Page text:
The Echo, to their credit had done some serious digging into the dirt.

The problems with UC have been well documented and include delays in handing over vital cash, sanctions for simple mistakes and there simply not being enough money in the system.

We have told you about the man forced to eat out of supermarket bins because the jobcentre messed up his appointment.

Then there was the Bootle mum who suffers with agoraphobia – and doesn’t want to wake up most mornings because she can’t afford to feed her kids.

The problems with UC have been well documented and include delays in handing over vital cash, sanctions for simple mistakes and there simply not being enough money in the system.

We have told you about the man forced to eat out of supermarket bins because the jobcentre messed up his appointment.

Then there was the Bootle mum who suffers with agoraphobia – and doesn’t want to wake up most mornings because she can’t afford to feed her kids.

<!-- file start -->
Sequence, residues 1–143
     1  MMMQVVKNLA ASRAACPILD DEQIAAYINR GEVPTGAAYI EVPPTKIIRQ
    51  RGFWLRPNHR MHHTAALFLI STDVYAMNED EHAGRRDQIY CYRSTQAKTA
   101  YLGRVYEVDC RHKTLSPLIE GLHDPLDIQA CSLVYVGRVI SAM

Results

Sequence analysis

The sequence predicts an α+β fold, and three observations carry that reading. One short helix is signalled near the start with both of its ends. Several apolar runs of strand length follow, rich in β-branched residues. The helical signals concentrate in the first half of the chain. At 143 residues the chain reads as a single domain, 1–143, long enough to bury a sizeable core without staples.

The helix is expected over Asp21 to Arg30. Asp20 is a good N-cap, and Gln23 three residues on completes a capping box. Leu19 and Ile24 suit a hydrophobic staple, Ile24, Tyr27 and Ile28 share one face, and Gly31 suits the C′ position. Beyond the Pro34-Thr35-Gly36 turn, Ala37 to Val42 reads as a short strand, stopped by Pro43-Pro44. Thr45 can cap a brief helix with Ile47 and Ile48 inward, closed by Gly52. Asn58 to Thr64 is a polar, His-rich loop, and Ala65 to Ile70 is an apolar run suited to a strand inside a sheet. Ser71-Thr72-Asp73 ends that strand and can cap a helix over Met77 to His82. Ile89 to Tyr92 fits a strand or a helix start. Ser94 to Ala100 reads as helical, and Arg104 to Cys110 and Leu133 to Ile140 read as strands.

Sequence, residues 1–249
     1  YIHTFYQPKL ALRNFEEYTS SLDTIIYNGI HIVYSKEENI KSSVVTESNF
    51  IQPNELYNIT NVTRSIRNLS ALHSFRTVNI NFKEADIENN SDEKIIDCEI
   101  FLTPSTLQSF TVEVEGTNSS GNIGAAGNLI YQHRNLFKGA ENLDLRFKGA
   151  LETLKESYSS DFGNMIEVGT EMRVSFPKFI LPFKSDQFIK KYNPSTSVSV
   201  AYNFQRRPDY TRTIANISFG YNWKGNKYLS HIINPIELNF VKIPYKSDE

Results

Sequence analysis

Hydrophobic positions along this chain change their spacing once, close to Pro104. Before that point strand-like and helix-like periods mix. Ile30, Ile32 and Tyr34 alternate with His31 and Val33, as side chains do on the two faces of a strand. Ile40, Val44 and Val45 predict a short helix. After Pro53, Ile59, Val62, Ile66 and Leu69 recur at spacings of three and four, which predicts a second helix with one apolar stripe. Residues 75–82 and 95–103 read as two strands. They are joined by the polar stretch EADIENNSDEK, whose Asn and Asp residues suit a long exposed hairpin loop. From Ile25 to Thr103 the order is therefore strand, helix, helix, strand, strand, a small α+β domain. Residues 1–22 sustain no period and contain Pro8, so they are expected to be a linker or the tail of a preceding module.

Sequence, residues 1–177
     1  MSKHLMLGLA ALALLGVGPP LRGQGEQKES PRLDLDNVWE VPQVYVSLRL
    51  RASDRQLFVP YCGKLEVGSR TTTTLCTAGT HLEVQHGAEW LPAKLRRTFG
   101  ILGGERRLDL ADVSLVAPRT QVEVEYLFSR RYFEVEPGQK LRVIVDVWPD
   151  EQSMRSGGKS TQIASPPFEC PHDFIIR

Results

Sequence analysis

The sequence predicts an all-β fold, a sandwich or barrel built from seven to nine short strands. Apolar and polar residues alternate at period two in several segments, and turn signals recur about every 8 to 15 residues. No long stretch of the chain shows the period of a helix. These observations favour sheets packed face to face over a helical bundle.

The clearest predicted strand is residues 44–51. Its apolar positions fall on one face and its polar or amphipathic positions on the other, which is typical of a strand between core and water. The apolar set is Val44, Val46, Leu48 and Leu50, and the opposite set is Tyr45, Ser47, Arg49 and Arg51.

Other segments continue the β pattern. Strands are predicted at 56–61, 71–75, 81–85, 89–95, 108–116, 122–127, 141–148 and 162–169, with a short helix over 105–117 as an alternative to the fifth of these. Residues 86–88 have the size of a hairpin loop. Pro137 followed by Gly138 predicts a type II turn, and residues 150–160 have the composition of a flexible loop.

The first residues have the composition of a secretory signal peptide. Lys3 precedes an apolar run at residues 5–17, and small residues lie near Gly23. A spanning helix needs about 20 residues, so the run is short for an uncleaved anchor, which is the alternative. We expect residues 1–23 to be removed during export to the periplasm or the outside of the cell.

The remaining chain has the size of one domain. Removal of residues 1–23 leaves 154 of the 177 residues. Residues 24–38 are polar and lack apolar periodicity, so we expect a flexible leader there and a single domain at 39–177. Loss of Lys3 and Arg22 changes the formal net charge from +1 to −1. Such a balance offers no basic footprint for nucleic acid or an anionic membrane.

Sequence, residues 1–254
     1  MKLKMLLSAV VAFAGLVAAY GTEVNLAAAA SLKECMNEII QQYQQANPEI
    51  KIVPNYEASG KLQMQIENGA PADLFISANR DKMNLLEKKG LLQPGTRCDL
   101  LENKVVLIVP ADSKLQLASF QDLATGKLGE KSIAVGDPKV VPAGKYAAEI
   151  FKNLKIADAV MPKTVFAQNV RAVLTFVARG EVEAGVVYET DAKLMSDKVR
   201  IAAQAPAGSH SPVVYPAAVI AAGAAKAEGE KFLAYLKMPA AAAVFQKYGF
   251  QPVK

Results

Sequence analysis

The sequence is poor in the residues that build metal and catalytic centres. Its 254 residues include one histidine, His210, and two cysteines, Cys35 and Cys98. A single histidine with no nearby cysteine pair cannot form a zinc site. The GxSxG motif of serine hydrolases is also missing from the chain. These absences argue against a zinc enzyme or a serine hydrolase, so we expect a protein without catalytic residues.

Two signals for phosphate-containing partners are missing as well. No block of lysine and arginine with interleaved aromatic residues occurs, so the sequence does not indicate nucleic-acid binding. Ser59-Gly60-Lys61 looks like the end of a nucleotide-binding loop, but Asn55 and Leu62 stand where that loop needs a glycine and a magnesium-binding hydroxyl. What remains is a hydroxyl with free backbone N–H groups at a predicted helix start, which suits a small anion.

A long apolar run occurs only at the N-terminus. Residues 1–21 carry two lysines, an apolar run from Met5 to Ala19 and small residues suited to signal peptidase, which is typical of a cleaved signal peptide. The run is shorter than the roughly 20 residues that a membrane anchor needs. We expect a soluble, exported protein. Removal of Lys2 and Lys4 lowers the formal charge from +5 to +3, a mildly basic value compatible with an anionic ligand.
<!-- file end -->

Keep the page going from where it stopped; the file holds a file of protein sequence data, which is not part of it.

Their comment, in these conditions, is pretty mild,

Written by Andrew Coates

December 13, 2018 at 4:23 pm

Christmas is Coming and….. Universal Credit leads Revival of Christmas Day in the Workhouse.

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Image result for christmas day in the workhouse

Coming near you!

Local newspapers and on-line local sites have come into their own over the Universal Credit scandal.

Here are some stories today:

Universal Credit is threatening to break this city – THIS is how Liverpool is fighting back

Liverpool Echo.

Scousers from all walks of life coming out to support those affected by problem-hit benefit system.

Vulnerable families across Liverpool are bracing themselves for the full impact of Universal Credit – a benefit reform that is already pushing people into poverty.

This week, Job Centres in the deprived areas of Everton and West Derby switched claimants over to the troubled system, despite voices from all over imploring the government to halt the roll-out after the many problems that have been reported.